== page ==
The "atheist" movement keeps shooting itself in the foot by failing to reach a consensus regarding the meaning of "atheism." Allow me to explain.
Individuals who label themselves an "atheist" can be somewhat simplistically divided into (at least) two groups: (1) those who define "atheism" as the mere lack of belief in God, and (2) those who hold the positive belief that God does not exist. Individuals in group 1 include Antony Flew, George Smith, and Michael Martin. Individuals in group 2 include Theodore Drange, Quentin Smith, J.L. Schellenberg, and perhaps William Rowe and Michael Tooley.
"Group 1 atheists" could consistently say that "atheism" means the absence of god-belief and hold the positive belief that God does not exist. Michael Martin is an example of an atheist who does precisely this. On the other hand, "Group 1 atheists" could also consistently define "atheism" the way that they do and lack a belief in the non-existence of God. In other words, an individual in "group 1" might call herself an atheist, but not embrace any arguments for the non-existence of God, including the arguments from evil, reasonable nonbelief, physical minds, and so forth.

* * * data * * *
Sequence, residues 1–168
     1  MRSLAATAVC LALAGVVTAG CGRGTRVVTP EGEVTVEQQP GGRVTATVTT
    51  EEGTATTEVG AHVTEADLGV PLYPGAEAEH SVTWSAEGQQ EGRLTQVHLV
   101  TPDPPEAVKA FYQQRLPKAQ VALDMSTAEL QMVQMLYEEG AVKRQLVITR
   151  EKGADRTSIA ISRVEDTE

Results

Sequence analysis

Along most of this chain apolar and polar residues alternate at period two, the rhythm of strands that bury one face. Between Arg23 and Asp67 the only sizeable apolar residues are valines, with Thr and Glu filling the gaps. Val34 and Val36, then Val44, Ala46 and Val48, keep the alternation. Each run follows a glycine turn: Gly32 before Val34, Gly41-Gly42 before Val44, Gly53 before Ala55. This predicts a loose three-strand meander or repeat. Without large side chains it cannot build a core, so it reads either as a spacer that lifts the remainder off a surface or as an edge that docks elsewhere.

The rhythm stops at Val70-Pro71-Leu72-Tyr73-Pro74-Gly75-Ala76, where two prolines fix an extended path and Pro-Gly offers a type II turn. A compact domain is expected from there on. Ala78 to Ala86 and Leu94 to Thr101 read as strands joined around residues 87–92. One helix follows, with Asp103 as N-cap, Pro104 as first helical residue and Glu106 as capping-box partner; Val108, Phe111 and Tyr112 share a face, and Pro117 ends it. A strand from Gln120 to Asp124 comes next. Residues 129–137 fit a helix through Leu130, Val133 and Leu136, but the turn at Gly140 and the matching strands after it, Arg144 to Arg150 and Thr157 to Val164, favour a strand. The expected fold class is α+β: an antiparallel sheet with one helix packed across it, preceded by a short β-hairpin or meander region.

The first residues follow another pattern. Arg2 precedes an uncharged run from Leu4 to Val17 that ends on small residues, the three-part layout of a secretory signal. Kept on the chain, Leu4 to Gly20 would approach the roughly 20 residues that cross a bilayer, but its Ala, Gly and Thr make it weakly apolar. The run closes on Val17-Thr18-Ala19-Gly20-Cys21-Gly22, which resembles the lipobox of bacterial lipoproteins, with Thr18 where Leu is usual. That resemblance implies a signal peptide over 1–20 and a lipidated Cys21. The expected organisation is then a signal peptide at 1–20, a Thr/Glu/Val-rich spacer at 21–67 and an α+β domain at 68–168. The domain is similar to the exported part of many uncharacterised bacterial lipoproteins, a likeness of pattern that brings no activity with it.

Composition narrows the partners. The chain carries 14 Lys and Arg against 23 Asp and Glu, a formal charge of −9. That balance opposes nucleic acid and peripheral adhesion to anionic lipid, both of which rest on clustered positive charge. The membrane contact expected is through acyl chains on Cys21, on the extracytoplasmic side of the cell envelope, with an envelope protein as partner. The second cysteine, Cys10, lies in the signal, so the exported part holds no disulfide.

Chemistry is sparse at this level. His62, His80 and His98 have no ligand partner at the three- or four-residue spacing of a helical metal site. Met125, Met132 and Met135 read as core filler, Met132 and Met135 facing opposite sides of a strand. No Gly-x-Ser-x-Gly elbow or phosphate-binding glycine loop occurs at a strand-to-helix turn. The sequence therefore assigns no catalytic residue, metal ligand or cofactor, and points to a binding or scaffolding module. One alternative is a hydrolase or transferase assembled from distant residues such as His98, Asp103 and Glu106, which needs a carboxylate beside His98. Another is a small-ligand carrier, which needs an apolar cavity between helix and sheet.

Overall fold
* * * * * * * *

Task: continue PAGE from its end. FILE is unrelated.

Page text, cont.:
Group 1 atheists generally recognize members of group 2 as fellow atheists. Group 2 atheists, on the other hand, tend to say that being in group 1 doesn't automatically make someone an "atheist" (in the group 2 sense). On group 2's view, someone in group 1 could be an "atheist" (in the group 2 sense) but they also might not be an "atheist." It depends.
These distinctions matter because group 2 atheists may not feel represented by a group 1 atheist at all. From the perspective of a group 2 atheist, there is a big difference between someone who says, "I believe God does not exist on the basis of good/strong/conclusive evidence for God's nonexistence," and "I lack belief in both the existence and nonexistence of God." More to the point: this is the problem with Antony Flew, Kai Nielsen, and other group 1 atheists who have purported to represent "atheism" in public debates over God's existence. They are portrayed as defenders of "atheism" (in the group 2 sense, which is how the general public defines "atheism") even though they are not "atheists" in the group 2 sense and, most important, even though they do not defend any arguments for God's nonexistence. (This is not surprising to those who specialize in the philosophy of religion, since these individuals never claimed to hold the positive belief that God does not exist.)
 For an approach to defining atheism that is both more sophisticated and I think ultimately correct, see Ted Drange's "Atheism, Agnosticism, and Noncognitivism." I have deliberately simplified the issue here in order to make a point.